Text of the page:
Simmer. Smolder. Bubble boil churn stew.
When Julia Fierro isn't writing the next big thing, her brain chews on the next big thing, spitting out bits and bobs that Fierro saves until she has a towering pile.
"Sometimes I'll write what I hope will be a first chapter, but I send myself notes most days," she told Spine. "It might be one line. Last night at two in the morning, I'm struggling for my phone in the dark."
Structure typically bookends Fierro's rambling thoughts. "I often know the beginning and the end, or a pivotal moment towards the end. Something about the shape of the story." Then her mind considers the options: "Maybe what if this happens? What if that happens? It might lead me toward something."
This process can last for years. Fierro began The Gypsy Moth Summer, which she's currently promoting on tour and in interviews (us!), as a pre-law undergraduate at American University. After writing a sketch of a character who became the book's dementia-addled Colonel, she switched her major to English.
Several years later, as an MFA student at the Iowa Writers' Workshop, she filled out her sketch, turning it into a short story. She sold the concept of the full novel after publishing Cutting Teeth, her first full-length fiction. At this point, she had been writing pieces of the book for years.
"I had 1,000 pages of notes, drafts of the first chapter that I had rewritten and rewritten. I put it all in a huge pile. I carried it from apartment to apartment for years." After the book contract was signed, she had to transform the pile into a book…and she hardly looked at it. "It was all inside me." And so began the binge writing, something Fierro says is still her practice today.
"I get into this very obsessive mode," she explained. "In my 20s I was diagnosed with OCD. It is sometimes a great tool but mostly a hindrance. It's very uncomfortable – I do have the whole book in my head. For me, it's not so much that I know all of it before I sit down and right the book, it's just that at a certain point I can hold it all in my head. "
Currently buzzing in Fierro's head? Drunken bees.
Fierro's next book is inspired by her father's story. He grew up in Italy during World War II. The village priest taught him to keep bees. He'd drink a mouthful of wine, then blow wine-saturated breath into the hive to get the bees drunk, which would allow him to gather the honey. [Note: Bees are but a tiny, tiny bit of the giant scope covered by the book. This is not a book about drunken bees, as amusing as that sounds.]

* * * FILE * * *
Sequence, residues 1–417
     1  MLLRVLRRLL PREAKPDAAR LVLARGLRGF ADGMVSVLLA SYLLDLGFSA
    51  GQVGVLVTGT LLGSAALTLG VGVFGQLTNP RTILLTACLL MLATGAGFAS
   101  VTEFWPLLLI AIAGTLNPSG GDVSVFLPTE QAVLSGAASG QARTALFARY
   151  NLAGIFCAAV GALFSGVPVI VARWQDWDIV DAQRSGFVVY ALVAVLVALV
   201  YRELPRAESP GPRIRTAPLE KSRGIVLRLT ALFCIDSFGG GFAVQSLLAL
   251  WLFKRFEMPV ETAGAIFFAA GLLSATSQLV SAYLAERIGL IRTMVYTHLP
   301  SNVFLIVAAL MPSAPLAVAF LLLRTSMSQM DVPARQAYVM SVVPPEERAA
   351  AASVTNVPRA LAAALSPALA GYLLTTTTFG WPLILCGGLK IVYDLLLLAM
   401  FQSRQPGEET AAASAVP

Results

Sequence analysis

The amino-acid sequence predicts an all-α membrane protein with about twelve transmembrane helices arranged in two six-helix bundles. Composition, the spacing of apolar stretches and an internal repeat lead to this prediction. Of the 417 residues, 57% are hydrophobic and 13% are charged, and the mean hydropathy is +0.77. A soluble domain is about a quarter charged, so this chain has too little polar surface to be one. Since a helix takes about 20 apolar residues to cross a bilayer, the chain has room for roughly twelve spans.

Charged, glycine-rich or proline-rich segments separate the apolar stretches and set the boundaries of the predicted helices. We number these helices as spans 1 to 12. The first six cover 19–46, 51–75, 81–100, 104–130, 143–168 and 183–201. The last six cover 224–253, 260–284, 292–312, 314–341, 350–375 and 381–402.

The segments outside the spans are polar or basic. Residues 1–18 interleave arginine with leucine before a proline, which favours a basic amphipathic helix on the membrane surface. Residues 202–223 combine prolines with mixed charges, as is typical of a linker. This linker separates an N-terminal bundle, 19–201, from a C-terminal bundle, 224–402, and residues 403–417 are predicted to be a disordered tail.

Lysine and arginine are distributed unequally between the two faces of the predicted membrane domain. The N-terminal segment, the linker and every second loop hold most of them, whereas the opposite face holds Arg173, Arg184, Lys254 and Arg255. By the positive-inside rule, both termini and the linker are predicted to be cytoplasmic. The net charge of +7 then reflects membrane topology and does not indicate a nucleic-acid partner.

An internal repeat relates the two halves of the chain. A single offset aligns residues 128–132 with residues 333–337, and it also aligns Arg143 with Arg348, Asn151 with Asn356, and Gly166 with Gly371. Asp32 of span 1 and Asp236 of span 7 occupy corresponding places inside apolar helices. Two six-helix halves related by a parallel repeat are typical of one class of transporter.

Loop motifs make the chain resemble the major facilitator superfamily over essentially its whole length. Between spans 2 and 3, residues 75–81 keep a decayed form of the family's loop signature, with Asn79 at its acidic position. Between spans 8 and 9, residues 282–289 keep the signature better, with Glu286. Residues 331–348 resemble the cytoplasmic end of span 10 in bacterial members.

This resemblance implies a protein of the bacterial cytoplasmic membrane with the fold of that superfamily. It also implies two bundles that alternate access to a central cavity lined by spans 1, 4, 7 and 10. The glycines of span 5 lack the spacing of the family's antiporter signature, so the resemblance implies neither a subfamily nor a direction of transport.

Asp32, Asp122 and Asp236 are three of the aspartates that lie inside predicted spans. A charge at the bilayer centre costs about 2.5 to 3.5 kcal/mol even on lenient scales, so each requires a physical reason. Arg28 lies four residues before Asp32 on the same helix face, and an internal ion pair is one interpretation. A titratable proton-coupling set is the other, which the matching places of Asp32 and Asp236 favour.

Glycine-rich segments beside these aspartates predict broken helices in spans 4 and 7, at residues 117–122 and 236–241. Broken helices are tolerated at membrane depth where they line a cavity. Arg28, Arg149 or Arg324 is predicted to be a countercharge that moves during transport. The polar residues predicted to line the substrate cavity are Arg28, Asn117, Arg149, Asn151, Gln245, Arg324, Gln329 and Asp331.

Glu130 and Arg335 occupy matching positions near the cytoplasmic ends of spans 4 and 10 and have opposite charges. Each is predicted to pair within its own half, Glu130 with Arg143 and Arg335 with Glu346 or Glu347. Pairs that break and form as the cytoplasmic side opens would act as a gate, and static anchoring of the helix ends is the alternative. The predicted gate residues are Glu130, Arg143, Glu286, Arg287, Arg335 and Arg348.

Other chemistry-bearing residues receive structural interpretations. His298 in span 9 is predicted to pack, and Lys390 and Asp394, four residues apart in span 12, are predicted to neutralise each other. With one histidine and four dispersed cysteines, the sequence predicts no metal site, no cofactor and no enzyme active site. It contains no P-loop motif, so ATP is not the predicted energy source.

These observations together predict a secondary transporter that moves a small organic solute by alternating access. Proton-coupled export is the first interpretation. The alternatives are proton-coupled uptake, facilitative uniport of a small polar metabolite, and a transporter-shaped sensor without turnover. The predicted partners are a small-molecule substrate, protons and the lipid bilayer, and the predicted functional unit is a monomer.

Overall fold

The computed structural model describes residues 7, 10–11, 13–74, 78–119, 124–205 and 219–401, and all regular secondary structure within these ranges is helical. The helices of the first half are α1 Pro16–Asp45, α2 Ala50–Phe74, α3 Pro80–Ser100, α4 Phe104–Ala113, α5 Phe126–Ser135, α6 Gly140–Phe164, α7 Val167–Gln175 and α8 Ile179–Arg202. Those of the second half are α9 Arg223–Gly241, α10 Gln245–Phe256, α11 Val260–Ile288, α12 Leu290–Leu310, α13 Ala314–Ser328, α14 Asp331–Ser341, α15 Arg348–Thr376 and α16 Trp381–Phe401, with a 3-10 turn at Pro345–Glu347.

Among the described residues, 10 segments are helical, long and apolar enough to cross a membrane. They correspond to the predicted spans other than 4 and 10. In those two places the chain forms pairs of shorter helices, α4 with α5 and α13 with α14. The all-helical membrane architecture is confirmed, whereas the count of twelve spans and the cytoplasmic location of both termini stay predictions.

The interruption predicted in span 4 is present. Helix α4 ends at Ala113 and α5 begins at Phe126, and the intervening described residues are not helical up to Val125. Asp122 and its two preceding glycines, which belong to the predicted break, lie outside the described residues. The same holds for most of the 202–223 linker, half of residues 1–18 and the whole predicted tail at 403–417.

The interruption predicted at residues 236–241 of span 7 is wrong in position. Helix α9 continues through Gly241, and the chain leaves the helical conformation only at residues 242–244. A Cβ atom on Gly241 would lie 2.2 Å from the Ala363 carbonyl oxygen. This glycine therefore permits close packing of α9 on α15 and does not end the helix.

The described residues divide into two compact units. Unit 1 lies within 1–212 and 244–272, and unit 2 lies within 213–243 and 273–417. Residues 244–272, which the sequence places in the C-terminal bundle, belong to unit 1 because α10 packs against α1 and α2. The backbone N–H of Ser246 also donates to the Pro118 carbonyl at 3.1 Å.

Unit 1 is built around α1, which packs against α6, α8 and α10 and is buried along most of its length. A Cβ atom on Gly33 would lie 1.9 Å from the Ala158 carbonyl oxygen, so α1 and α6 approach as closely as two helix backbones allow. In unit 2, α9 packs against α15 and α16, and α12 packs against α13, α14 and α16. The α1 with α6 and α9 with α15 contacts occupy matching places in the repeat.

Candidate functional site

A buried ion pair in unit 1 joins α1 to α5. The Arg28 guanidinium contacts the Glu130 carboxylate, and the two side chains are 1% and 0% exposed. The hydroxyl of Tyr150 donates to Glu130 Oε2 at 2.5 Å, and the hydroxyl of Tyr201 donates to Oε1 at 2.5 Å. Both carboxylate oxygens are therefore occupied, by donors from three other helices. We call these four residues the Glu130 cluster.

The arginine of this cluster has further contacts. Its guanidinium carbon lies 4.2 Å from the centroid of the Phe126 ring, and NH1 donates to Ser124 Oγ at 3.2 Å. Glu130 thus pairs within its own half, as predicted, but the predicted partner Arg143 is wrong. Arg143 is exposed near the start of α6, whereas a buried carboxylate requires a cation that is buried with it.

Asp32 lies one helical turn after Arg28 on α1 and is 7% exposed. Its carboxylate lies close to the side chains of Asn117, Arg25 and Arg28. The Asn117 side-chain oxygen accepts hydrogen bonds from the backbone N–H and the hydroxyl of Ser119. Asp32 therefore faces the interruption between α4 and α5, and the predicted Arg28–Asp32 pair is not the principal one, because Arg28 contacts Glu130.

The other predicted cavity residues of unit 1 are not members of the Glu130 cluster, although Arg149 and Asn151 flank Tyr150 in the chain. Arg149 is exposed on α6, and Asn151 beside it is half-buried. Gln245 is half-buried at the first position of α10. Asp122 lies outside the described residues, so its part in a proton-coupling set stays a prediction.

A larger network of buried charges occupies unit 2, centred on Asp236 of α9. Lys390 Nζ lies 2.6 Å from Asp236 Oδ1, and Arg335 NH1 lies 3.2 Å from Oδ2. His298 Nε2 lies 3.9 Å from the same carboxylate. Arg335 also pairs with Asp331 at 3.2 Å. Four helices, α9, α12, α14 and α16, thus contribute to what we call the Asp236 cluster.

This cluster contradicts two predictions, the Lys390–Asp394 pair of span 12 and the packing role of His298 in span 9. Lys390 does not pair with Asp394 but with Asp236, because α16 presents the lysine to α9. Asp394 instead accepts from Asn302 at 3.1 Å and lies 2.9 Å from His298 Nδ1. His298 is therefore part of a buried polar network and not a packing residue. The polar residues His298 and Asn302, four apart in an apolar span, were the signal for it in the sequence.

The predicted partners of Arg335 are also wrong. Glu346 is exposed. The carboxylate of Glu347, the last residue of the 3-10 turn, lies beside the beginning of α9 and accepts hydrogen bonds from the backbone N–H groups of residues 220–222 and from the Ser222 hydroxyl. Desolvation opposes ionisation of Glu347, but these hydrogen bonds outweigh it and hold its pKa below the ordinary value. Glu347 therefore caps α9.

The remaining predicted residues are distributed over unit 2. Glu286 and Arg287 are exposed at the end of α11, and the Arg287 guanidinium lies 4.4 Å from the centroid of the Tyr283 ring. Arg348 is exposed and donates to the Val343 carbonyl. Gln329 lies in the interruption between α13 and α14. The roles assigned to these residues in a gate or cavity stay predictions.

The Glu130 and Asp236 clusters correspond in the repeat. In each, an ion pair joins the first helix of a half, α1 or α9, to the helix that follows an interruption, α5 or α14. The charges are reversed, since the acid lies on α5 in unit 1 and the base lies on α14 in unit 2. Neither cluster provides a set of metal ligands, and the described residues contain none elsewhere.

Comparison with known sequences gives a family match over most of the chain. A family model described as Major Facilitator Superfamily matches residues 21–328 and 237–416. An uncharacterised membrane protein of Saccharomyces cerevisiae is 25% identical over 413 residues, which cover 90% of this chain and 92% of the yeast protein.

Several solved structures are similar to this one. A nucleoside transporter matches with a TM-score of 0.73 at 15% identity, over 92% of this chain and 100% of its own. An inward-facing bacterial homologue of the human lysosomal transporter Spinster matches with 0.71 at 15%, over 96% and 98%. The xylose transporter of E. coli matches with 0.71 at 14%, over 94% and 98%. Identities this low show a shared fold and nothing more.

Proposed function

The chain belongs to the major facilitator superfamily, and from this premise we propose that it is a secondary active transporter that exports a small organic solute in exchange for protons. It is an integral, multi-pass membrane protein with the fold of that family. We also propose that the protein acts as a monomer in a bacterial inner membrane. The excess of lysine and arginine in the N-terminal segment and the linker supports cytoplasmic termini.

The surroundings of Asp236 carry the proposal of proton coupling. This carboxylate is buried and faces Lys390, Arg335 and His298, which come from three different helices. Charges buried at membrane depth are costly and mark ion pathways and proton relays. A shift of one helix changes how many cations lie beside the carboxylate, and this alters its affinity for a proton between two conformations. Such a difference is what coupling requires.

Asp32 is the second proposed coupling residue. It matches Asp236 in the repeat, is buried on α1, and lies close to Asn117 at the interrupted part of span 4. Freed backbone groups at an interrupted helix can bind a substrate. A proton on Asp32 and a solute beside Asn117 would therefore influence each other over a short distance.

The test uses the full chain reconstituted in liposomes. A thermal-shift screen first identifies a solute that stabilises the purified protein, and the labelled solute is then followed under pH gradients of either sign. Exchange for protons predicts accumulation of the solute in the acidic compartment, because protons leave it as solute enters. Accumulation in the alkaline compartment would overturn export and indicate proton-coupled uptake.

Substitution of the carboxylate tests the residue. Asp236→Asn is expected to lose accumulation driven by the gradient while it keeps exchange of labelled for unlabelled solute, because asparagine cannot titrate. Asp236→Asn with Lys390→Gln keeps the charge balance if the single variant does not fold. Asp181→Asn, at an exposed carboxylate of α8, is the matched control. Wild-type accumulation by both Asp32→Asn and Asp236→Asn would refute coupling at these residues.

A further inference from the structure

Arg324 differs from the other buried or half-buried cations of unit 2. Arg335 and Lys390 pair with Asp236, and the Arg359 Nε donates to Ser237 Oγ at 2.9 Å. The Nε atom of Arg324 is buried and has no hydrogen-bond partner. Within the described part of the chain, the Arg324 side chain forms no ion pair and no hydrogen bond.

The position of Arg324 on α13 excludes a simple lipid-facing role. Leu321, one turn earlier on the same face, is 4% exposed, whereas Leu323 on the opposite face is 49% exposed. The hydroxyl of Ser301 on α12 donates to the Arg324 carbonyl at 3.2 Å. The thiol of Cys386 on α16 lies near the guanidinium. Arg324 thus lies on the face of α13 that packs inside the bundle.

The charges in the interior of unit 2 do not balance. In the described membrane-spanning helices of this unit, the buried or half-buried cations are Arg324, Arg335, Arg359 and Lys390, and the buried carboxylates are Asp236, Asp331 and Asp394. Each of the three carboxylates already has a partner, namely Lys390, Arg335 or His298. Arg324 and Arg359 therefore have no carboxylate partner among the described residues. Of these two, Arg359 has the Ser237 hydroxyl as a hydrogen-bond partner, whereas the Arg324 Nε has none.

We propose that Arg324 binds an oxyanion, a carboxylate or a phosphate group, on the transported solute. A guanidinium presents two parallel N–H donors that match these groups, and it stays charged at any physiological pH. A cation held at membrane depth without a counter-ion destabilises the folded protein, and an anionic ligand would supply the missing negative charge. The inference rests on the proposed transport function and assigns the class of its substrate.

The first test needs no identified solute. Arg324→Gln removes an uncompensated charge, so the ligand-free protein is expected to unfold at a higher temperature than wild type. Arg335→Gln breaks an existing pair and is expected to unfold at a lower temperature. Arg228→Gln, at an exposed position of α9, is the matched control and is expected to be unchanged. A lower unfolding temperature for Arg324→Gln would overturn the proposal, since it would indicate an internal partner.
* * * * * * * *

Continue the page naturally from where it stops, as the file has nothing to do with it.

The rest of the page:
While the next book ferments (and always), Fierro runs Sackett Street Writers. She founded the workshop in New York City in 2002. The program has helped more than 4,000 writers and now includes classes in San Francisco and LA, as well as online.
Working with writers on their process, Fierro emphasizes that it's less about one trick for all writers, and more about each writer finding their own tricks, processes, practices and running with them. "Do whatever you need to do, " she said. "If you need to buy fancy colored markers and different colored Post-it notes, that's great. Figuring out what you need to keep writing is important."
As important as it is to discover how best to produce, it's equally important to learn how to recognize what's working in your writing, Fierro said.
"When I hire a teacher, the one thing I ask…start every workshop by talking about what does work. It's so hard to see the good in your own work sometimes." When a teacher or fellow class member highlights not only what is working, but the technique being employed, each writer becomes much more likely to recognize what's working when outside the workshop environment.
Fierro says teaching this way during the early years of Sackett Street transformed her writing. "I was just working so hard to see the good in other people's work, and how to structure their work, I came out of six or seven years of teaching seeing it all."
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Susanna previously wrote for the online design community Dribbble, helping transform their occasional blog into the online publication Courtside. Her bylines also include AOL News, Boston Globe, Boston Magazine, and Publishers Weekly, among other publications.